This is going to sound crummy, but one of my favourite books of all time is Ayn Rand’s The Fountainhead. And before you go, “Oh, no! Another Rush Limbaugh clone. White middle-class conservative. Ugh.”, let me explain why. Yes, it’s true that Ayn Rand is these days known for her trenchantly conservative, old-liberalism-in-a-suit-of-pseudophilosophy communism-is-bad defence-of-the-rich-man bullshit, there was a brief time when she wrote really quite beautiful stories. The Fountainhead is one such example. It’s about an architect, Howard Roark, who builds houses the like of which the world has never seen before. Nobody, save a few eccentrics, wants to buy them. Eventually his modern, brash style gains the acceptance he needs and the story ends on a happy note. It’s a story all about the individual’s triumph over the collective blah, blah blah, blah blah blah blah.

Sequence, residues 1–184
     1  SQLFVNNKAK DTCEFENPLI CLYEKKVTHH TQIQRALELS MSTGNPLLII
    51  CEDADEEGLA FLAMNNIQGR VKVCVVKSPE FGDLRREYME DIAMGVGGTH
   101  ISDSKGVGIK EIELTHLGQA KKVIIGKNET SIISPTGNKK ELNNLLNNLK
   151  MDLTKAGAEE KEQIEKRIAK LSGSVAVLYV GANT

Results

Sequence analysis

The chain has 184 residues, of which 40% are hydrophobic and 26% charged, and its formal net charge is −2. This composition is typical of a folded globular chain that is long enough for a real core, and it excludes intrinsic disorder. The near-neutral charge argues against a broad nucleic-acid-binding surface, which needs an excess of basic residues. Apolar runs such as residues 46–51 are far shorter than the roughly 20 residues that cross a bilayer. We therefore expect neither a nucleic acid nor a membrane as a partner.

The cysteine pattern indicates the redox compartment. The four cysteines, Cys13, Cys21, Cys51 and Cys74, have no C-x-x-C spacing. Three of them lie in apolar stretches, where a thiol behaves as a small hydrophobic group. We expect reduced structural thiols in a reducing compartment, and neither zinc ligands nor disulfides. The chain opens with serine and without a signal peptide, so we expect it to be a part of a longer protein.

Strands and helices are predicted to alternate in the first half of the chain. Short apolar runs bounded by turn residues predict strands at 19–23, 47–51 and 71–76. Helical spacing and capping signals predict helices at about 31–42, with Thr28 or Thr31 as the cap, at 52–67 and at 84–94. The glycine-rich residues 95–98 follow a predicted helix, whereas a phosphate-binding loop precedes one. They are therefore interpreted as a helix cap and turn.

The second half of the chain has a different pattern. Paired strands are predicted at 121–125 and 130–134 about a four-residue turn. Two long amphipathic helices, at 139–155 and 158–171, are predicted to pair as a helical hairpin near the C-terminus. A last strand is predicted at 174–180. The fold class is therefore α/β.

That’s not really why it’s so iconic for me – although whenever I get down and feel unappreciated, I like to dip into it. As a self-styled individualist-type-person, it provides a sort of comfort, a kind of shared fist shake at the huge mass of blockheads out there. Okay, maybe that’s a bit much. It’s not really why I brought it up – I brought it up because I wanted to talk about architecture, and you’ve taken me off-topic.
Anyway, The Fountainhead, with its evocative descriptions of the buildings Howard Roark creates, really impressed on me the importance of architectural design. Before The Fountainhead I guess I just thought that buildings appeared. I live near a couple of New Towns – towns that were built after the second world war to rebalance the housing problem and provide infrastructural support to the cities. People live in New Towns and commute to the cities. The cities are full of beautiful, ancient buildings in all manners of styles. The New Towns look like blocky concrete shit. It’s no wonder I never thought about the design of buildings. I thought they were crapped into existence.